This post is part of my “Broadway in Review” series, where I explore shows on and off Broadway, including national tours and out-of-town engagements.
Aladdin (May 2017 Broadway Cast)
This is the show Charlie should have been. Disney doesn’t crow about capitalization, but they must have poured copious amounts of money into it—and it shows. There are 337 costumes in this show, the vast majority of which are quick-changes (10 seconds or less, several of which occur instantly on-stage). 84 illusions, lots of pyrotechnics (a theatre rarity), and the most invisible three dimensional fly system I’ve ever seen—it all amounts to an amazing experience. Add in a lot of sets, at least 5 lifts, and one of the coolest automated set reassembles I’ve ever seen—plus lots of humor, a fantastic expanded score by Alan Menken, Tim Rice and Chad Beguelin, and you’ve got the recipe for one of the most magical family-friendly shows on Broadway. Right now this is my favorite Disney stage show, eclipsing even The Lion King.
I saw this in Seattle when they were still trying it out, and it didn’t really work back then. The show has gone through massive changes, and a great deal of extra money was clearly put into it. The end result works quite well, as evidenced by its continuing run: this show was originally not intended to ever transfer to Broadway.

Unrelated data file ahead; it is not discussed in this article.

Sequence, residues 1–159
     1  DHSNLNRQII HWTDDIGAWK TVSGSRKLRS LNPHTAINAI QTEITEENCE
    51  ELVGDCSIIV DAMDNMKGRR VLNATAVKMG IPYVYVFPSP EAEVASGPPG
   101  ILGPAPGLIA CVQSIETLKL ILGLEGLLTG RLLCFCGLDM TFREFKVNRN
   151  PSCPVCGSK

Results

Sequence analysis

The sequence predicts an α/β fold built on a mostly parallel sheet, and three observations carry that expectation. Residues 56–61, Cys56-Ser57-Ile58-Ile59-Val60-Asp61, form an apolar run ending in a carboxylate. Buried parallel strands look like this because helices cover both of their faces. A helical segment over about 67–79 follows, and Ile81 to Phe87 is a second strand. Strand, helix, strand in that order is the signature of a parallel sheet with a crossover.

The cast: Jacob Dickey makes his debut here as the replacement for Aladdin, and he does quite well. I ever-so-slightly prefer Adam Jacobs, but Jacob is almost indistinguishable. Major Attaway also makes his debut as the replacement for Genie, and honestly I like him more than James Monroe Iglehart (who won a Tony for the role). Courtney Reed continues to be horrible as Jasmine, and if I had one wish I’d get her to quit the show so we could get someone better on board. It’s always good to see Jonathan Freeman (Jafar) do his thing on stage.
Verdict: Love Disney? Have kids? Like to have fun? See it.
A quick note about touring: based on what I saw at the Broadway version, I believe they will by necessity cut the show down for tour. Many touring stages can’t accommodate lifts, they may not have the wing or flyspace necessary, and the general space restrictions for touring might preclude the number of sets and costumes. So as always, for the full experience you need to go to New York.
Rating: 4 out of 5 stars